SIGCOMM Program Committee BCP

SIGCOMM Program Committee, Best Current Practice. This is an informal and incomplete description of current accepted practice of the SIGCOMM Program Committee.

This is an informal and incomplete description of current accepted  practice of the SIGCOMM Program Committee. That does not mean that  nothing in this process can be changed by new Program Co-Chairs.  However, that does mean that there should not be gratuitous changes  in overall procedures from year to year, and that significant  departures from accepted procedures should be made only after  discussion with representatives from the SIGCOMM Executive Committee  and/or the Technical Advisory Committee.

Selecting the Program Committee: Best Current Practices for PC composition and the PC selection process are summarized here.

The Call for Papers:  The Call for Papers should clearly state that all manuscripts be  original material that has not been previously published nor is  currently under review by another conference or journal. It seems  that every year, there are some number of papers that are detected as being substantially similar to a paper under review elsewhere.  In such cases, the PC chairs should contact the authors and inquire  about the level of overlap. A useful point of view is to ask the  author to consider how the contribution of the submitted sigcomm  paper would be rated if all material under submission elsewhere were removed.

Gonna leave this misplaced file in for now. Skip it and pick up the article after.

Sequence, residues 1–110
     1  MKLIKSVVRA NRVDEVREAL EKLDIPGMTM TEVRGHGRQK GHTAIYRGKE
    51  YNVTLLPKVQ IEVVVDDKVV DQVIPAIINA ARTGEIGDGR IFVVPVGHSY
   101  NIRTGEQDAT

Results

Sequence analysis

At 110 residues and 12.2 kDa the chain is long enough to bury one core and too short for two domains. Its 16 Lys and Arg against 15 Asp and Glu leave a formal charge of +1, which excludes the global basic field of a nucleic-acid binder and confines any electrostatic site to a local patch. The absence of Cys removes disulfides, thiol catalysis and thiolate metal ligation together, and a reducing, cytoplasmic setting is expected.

The Call for Papers should also state when the papers will be  available on-line (usually 2 weeks pre-conference via the DL). Future Program Co-Chairs might have to deal  with authors filing for a patent, for whom this advance posting of papers is problematic; this issue has not yet arised to date. This is the clause that should be included in the CFP:

AUTHORS TAKE NOTE: The official publication date is the date the proceedings are made available in the ACM Digital Library. This date may be up to two weeks prior to the first day of your conference. The official publication date affects the deadline for any patent filings related to published work. (For those rare conferences whose proceedings are published in the ACM Digital Library after the conference is over, the official publication date remains the first day of the conference.)

Assigning papers:  The list of paper titles and abstracts for submitted papers is sent